Book Excerpt
God Without Religion : Questioning Centuries of Accepted Truths
by Sankara Saranam

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An excerpt from God Without Religion : Questioning Centuries of Accepted Truths by Sankara Saranam, published 2005 by Pranayama Institute.
Book excerpt reprinted with the permission of the publisher.
Copyright © 2005 Sankara Saranam

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BOOK EXCERPT
FROM THE AUTHOR'S INTRODUCTION, PAGES XXXI-XXXIII

Another awareness gleaned from religious studies is that religions routinely claim to deliver ultimate expressions of truth, often judging followers of other religions as inferior, or worse, dupes of some evil power. Ultraorthodox Jewish sects teach their adherents that the Jewish soul is superior to the souls of gentiles-dogma that many Jews accept with pride. Asian Buddhist sects for centuries approached the search for truth as if it were a competitive sport in which they excelled through one-upmanship. Fundamentalist Christians inform followers that people who do not believe in Jesus go to hell, including those who lived before him, never heard of him, or were raised to believe in another god. Similarly, Muslims tell their followers that Muhammad is the last of Allah's messengers and that Allah's final word must be heard and obeyed by all; for Islamic fundamentalists, this means the whole world must convert to Islam.

Organized religions have done much harm by professing the superiority of their followers and creating such divisive categories as true believers and godless heathens, God's righteous chosen ones and pagans, the heaven bound and hell bound, and the enlightened and unspiritual. Overtly, "us against them" distinctions attract congregants by psychologically empowering them. Covertly, they forge polarized perceptions and a distorted view of human abuses, catalyzing endless violence.

In addition, religious scriptures of all persuasions have imperiled humanity's freedom of thought and pursuit of liberty. Playing on fears of the faithful, scriptural writings exalt those who follow blindly, attack brave questioners who entertain honest doubts, and threaten dissenters with a lifetime of guilt. These writings work insidiously in the minds of the faithful who, intolerant of criticism, have gone on to incite witch hunts and religious wars, resulting in immeasurable bloodshed between religions and within them.

Historically, some of the greatest evils have emerged from displays of holiness. It was usually zealots, sure they had heard the voice of God, who fueled the fires of fear and hatred, directing them toward religious sects, ethnic groups, racial minorities, and women. Humanity is still suffering from the fanaticism of individuals influenced by canonized books espousing erroneous ideas, theologies based on superstition, unscientific cosmologies, false expectations, and unethical commands. And not surprisingly, wherever ethnic or racial minorities or women are treated as inferior, the landscape is parched with ignorance and fear. If there is a useful purpose served by religions that continue to disempower any portion of the human race, it can only be in inspiring us to prevent history from repeating itself.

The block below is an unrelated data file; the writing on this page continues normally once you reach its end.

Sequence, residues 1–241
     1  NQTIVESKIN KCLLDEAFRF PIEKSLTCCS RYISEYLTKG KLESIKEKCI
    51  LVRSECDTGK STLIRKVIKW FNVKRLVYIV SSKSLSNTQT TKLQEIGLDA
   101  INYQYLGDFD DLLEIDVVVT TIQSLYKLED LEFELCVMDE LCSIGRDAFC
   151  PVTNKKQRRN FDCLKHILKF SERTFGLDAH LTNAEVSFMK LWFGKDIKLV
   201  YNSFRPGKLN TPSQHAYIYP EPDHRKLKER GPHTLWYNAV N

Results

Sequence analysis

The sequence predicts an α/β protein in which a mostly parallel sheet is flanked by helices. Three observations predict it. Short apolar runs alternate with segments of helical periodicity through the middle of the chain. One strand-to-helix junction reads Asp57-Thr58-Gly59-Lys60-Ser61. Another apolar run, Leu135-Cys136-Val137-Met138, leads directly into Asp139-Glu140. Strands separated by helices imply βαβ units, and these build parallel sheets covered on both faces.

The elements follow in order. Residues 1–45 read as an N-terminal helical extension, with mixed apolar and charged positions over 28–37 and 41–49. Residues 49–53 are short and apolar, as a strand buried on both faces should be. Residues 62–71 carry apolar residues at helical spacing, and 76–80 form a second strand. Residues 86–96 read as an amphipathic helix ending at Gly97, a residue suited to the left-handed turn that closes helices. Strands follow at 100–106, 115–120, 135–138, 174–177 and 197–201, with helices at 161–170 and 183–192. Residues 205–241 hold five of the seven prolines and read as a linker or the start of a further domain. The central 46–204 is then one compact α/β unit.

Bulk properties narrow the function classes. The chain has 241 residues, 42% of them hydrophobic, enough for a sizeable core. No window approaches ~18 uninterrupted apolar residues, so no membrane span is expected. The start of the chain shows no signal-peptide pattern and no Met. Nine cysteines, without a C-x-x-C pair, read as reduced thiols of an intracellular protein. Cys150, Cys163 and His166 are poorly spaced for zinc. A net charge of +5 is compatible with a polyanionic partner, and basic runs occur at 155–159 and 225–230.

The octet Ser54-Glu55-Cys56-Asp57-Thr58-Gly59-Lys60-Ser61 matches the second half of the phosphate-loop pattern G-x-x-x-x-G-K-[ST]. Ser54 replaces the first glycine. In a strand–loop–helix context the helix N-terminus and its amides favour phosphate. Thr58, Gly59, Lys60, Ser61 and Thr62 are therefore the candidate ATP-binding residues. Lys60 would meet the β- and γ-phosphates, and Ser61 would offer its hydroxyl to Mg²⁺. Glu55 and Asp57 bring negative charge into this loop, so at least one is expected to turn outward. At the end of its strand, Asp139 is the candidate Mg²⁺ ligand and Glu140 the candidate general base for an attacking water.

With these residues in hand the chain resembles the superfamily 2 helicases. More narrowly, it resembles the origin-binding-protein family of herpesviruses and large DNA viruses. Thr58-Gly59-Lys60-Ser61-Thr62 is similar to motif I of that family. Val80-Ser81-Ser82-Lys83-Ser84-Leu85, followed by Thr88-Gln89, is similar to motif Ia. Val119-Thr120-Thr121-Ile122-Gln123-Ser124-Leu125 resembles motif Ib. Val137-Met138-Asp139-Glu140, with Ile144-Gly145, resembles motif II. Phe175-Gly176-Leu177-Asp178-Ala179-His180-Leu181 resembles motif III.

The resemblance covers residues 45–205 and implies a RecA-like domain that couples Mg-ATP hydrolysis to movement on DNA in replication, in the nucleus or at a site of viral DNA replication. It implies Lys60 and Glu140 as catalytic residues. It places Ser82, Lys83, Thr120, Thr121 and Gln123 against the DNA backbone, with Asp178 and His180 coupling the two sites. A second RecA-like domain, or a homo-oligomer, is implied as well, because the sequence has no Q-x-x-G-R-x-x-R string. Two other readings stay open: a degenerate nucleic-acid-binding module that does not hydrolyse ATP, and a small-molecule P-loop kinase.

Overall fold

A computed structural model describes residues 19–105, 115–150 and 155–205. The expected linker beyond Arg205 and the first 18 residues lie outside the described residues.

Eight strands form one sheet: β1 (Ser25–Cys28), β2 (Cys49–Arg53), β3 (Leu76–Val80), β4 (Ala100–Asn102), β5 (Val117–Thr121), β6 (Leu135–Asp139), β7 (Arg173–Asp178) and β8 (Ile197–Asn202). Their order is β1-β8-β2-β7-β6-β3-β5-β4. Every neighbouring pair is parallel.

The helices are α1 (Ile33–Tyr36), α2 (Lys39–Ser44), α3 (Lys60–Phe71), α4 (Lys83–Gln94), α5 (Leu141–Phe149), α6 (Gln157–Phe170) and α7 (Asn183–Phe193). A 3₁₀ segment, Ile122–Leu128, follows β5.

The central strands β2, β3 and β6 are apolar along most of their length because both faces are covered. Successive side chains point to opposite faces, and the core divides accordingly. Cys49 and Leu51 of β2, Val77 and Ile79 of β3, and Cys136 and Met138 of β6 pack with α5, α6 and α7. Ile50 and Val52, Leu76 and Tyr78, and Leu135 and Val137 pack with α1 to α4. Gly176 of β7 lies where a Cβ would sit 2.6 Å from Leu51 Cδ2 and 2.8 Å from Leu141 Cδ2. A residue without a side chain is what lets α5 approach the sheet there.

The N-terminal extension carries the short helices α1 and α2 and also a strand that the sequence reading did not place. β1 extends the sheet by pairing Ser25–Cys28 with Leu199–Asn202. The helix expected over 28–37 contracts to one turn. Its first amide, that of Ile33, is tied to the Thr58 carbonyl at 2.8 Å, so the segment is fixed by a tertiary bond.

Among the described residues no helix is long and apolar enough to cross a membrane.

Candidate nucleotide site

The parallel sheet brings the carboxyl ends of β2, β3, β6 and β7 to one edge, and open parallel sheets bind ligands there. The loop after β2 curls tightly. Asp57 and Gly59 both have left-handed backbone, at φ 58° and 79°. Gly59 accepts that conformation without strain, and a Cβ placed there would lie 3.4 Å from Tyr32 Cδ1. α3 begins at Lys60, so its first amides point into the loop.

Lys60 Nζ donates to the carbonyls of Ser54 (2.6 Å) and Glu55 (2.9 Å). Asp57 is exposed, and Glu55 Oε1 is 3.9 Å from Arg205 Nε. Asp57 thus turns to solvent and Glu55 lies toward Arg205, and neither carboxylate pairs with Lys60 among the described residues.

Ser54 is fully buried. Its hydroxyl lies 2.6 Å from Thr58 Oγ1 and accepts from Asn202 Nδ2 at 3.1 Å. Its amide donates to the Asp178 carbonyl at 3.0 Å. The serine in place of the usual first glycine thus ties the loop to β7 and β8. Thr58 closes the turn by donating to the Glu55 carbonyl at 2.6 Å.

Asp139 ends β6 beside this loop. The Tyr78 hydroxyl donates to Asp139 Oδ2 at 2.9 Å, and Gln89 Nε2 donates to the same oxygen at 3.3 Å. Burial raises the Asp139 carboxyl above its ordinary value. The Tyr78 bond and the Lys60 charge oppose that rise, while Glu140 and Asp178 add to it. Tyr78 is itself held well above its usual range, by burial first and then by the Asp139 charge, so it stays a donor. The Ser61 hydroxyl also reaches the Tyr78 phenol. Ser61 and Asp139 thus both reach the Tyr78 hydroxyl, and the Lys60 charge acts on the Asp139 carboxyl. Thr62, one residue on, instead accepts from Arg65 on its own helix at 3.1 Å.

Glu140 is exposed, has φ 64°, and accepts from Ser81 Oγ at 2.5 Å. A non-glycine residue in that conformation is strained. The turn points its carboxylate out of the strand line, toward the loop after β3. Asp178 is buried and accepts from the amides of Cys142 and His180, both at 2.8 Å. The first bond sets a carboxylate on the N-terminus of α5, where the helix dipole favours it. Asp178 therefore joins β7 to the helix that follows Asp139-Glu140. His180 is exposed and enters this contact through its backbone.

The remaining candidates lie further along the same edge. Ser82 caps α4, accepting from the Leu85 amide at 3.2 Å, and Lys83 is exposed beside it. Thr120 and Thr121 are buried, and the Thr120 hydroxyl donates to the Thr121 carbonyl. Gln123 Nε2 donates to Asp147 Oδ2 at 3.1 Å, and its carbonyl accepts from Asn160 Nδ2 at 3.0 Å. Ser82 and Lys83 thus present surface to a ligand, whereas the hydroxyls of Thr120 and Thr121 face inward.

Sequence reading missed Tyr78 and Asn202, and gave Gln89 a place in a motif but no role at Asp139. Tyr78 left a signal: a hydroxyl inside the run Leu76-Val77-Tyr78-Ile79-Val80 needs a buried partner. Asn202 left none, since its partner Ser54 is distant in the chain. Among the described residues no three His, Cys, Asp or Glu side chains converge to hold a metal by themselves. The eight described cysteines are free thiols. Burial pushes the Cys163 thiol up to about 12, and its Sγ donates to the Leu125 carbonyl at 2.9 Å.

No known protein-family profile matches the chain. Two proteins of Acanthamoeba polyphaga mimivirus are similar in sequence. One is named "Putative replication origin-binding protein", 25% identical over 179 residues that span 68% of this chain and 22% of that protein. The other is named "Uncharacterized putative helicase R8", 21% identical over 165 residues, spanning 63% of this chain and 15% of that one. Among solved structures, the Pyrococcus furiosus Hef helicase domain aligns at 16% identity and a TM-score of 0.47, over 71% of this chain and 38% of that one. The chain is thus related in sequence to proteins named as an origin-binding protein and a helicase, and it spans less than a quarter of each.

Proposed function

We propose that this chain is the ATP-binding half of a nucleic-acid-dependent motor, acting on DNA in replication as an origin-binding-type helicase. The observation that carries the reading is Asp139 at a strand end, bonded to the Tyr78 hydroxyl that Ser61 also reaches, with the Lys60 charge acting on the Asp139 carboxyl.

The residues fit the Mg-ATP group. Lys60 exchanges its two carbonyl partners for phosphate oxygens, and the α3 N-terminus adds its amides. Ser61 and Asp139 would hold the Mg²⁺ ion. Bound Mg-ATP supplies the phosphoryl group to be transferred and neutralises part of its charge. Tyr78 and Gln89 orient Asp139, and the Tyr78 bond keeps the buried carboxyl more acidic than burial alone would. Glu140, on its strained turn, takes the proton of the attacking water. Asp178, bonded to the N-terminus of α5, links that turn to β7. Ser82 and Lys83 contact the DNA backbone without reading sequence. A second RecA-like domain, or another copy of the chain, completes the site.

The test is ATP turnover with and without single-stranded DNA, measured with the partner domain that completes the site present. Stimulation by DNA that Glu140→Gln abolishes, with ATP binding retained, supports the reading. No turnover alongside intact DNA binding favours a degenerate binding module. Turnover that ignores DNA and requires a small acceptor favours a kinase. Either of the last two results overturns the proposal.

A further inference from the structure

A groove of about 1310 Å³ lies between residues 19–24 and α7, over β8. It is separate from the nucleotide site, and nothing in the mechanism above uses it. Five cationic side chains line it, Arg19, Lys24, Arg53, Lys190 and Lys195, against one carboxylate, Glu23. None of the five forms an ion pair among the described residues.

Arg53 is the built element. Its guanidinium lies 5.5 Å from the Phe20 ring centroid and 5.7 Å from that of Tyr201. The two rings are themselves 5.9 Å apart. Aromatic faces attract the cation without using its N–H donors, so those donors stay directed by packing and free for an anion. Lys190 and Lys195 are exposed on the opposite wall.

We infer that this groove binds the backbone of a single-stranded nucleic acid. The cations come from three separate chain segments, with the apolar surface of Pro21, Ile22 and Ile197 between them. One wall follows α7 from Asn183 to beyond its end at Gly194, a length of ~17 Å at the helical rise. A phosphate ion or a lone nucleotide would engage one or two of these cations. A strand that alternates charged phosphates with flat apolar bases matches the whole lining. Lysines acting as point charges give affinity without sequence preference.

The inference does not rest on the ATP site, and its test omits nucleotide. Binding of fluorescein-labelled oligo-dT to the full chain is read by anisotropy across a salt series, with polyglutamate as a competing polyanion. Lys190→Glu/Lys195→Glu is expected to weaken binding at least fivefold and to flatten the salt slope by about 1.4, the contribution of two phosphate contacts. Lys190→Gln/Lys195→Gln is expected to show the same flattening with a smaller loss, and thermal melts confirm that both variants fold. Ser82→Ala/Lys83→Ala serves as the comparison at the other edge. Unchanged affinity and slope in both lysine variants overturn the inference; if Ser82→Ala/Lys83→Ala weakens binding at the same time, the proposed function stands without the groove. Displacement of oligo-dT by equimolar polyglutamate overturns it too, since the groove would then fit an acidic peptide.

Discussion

God Without Religion examines the past effects of organized religion and offers more direct avenues to knowledge of God for the present and future. Chapter 1, "Worshipping by Wondering," explores our present understanding of God; this invitation to worship by wondering rather than believing opens pathways for questioning popular definitions of God while simultaneously observing the effects of belief systems on the human mind. Chapter 2, "A Bigger Picture of Human Progress," shows how we arrived at this point; challenging linear notions of progress, it introduces an ancient model of human evolution and devolution as a means for viewing both the rise of religion and humanity's intellectual and intuitive potential for universalizing God. Chapter 3, "An Alternative to Organized Religion," presents the theory of self, a nondualistic option for realizing knowledge of God; this theory portrays intuition as a verifiable, repeatable, and unbiased psychophysical science. Chapter 4, "Testing Today's Choices," weighs the merits of New Age spiritual movements, points out the pitfalls of modern approaches to Eastern spiritual traditions, and illustrates ways to expand the sense of self beyond narrow spiritual identifications.

Interspersed throughout each chapter are techniques to aid in the search for answers to spiritual questions -- better answers than those furnished by organized religion. These techniques are universal, having been passed down in one form or another through mystical and philosophical disciplines.

God Without Religion : Questioning Centuries of Accepted Truths by Sankara Saranam,
PLEASE CLICK HERE for BOOK PRICE and SHIPPING INFORMATION

We have reviewed this book.
Link to our book review.

There are additional excerpts
on our book review page.